– Yard requirements defined by existing zoning, however, may reduce side and rear yards to 4 feet if no other way to fit two 800 square foot units.
– No parking required if within 1/2 mile of a major transit stop (rail, ferry, or Bus Rapid Transit), or 1/2 mile from a bus line with service at least every 15 minutes during peak hours, or within 1 block of carshare. Up to 1 parking space required per unit elsewhere.
– Restrictions apply on where you can build one. HOAs can also ban additional dwelling units.
Each home can be sold separately.

ADUs & Junior ADUs
– Exempt from other impact fees if less than 750 square feet.
– Exempt from school fees if less than 500 square feet.
– Can be built even if Homeowner Association rules don’t allow it, state law overrides HOA rules for ADUs.
Cannot be sold separately, unless it’s an ADU built by a nonprofit and reserved for low-income homeowners. JADUs can never be sold separately.
– Can be built in some places that SB9 units cannot be built, such as historic districts.

Can be attached to house or a detached structure in the yard.
No size limit, utility fees, or parking requirements if converted from space in an existing building.
– For new buildings, city can limit size to 800 square feet, and height to 16 feet. Otherwise the max size is 1,200 square feet for a detached ADU, or 50% of the area of the house / 800 square feet (whichever is more) for an attached ADU. Some cities may allow more.
– For new buildings, no parking required if within a 1/2 mile of any public transit, or within 1 block of carshare, or in a historic district, or in a parking permit district that does not offer permits to ADUs. Up to 1 parking space required per ADU elsewhere.

Junior ADUs
Max size: 500 square feet.
– Must be in same building as the main house. If adding a JADU to an existing house, must be built by carving out space from the house. A 150 square foot addition is allowed if needed to provide an entrance.
– Can share bathroom with main house.
– Kitchen can be an efficiency kitchen.
– City can require that the owner live on the property, either in the JADU or another home on the lot.

Further reading: State of California Housing and Community Development Department’s ADU Handbook at https://www.hcd.ca.gov/policy-research/docs/adu_december_2020_handbook.pdf

* To build a duplex and two detached ADUs, the duplex must be completed before a permit can be obtained for the ADUs.

Frequently Asked Questions

For Homeowners
Q: Can I rent out a home built using SB9?
A: Yes, as long as it is to a regular tenant. Short term rentals (30 days or less) are not allowed.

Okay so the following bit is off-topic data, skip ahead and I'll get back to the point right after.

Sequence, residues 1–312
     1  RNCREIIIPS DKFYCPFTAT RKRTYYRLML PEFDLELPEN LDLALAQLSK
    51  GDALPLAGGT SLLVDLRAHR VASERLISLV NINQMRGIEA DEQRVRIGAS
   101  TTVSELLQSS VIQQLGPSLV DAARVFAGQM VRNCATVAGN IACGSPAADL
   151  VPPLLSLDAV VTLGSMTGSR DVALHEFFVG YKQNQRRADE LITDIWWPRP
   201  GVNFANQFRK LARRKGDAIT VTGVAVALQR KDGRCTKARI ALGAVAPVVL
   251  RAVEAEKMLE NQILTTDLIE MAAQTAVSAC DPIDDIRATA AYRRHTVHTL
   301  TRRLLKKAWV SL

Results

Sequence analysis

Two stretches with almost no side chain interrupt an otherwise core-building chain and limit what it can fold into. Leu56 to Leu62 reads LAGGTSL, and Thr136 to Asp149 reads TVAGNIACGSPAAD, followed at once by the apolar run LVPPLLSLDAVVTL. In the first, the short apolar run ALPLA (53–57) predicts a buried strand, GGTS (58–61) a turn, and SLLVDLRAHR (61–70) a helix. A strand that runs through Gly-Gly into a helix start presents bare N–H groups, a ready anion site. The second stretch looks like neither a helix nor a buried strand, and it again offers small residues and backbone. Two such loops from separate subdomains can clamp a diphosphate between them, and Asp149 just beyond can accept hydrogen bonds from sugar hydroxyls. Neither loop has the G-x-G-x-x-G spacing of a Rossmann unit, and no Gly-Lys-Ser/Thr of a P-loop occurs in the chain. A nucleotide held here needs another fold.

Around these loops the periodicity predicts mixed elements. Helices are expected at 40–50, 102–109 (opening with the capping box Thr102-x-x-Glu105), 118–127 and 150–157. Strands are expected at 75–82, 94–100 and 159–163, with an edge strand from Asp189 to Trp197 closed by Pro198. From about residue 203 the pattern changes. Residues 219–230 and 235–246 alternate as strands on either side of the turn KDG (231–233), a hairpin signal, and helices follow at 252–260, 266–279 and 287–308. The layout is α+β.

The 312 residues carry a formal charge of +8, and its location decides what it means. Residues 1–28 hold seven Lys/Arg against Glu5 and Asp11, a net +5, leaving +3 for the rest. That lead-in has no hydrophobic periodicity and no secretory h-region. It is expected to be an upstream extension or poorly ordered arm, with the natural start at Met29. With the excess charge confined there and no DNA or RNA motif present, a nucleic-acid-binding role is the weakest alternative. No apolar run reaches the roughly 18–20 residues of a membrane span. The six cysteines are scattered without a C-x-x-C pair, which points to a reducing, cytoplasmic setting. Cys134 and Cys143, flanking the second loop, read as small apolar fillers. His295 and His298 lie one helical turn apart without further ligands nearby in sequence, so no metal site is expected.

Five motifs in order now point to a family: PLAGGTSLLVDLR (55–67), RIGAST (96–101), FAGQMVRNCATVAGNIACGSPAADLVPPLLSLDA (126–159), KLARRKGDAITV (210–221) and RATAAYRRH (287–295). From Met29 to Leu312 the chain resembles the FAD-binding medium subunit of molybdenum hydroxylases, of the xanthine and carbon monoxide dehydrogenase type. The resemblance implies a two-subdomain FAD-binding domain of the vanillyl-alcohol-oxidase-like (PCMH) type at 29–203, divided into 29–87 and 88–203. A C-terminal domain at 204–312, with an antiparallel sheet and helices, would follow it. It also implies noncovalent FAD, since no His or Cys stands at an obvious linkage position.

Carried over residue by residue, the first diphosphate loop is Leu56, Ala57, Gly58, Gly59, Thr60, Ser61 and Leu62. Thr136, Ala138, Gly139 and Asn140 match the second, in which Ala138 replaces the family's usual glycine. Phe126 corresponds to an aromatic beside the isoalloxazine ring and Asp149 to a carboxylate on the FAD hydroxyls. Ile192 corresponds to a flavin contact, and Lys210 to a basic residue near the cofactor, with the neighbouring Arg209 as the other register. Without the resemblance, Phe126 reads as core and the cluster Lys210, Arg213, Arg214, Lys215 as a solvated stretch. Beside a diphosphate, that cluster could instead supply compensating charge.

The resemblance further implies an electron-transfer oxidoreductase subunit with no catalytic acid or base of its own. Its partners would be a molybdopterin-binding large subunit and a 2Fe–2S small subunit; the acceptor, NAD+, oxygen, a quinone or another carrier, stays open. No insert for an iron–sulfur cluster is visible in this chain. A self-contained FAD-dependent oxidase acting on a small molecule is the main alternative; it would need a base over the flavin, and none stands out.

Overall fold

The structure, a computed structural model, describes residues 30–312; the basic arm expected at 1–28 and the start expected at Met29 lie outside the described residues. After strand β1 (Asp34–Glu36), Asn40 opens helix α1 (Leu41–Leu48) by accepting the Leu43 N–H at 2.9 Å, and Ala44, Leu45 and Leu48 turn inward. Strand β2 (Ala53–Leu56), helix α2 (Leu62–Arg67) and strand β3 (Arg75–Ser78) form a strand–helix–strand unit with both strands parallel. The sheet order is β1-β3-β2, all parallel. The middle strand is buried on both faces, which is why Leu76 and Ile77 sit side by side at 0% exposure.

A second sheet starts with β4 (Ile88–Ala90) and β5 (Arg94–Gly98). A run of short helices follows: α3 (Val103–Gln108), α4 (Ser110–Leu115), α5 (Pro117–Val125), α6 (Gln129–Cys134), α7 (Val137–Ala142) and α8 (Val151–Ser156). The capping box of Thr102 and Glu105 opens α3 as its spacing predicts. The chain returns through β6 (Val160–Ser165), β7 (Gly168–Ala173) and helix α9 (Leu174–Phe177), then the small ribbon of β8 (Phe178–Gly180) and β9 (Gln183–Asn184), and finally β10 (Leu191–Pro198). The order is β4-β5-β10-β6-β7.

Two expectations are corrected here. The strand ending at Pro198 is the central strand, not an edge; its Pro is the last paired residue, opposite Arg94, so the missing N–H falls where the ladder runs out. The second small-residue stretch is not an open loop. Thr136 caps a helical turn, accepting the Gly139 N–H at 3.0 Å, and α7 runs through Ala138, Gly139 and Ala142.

Q: Can I sell a home built using SB9?
A: Yes. Note that if you have more than 1 house on a lot, it will need to be sold as part of a duplex (though each home in a duplex can have a different owner), instead of a standalone house with its own land.

Q: Can I sell an Accessory Dwelling Unit using SB9?
A: Answer to this question is pending clarification from bill author.

Q: My property is zoned for 2 units. Can I use SB9?
A: No. However, you can use existing local zoning to build 2 homes and AB68 to build 2 Accessory Dwelling Units, for a total of 4 homes. Or, you can subdivide the lot using AB803, and have a house, ADU, and Junior ADU on each lot, for a total of 6 homes.

Q: I live in a Homeowners Association. Can I use SB9?
A: Depends on the HOA rules. SB9 overrides local zoning only. However, even if your HOA does not let you use SB9, you can still build an Accessory Dwelling Unit and a JADU using AB670.

Q: Can I use SB9 to split off a front or side yard?
A: Yes.

Q: My lot is not near existing transit or carshare. Can I meet the carshare requirement by renting out my driveway to a carshare company?
A: Yes.

Q: My neighborhood uses point-to-point carshare without fixed locations. Does that count as having carshare within a block?
A: Answer to this question is pending clarification from bill author.

Q: Can I list my car on a peer-to-peer carshare site to meet the carshare requirement?
A: Answer to this question is pending clarification from bill author.

Q: I am interested in doing a lot split and selling my yard. Who should I talk to?
A: Talk with a Realtor about listing your yard as a lot for sale. You may also want to hire an architect to analyze what is buildable.

Q: If I do a SB9 lot split, does the property get automatically re-assessed for property tax purposes?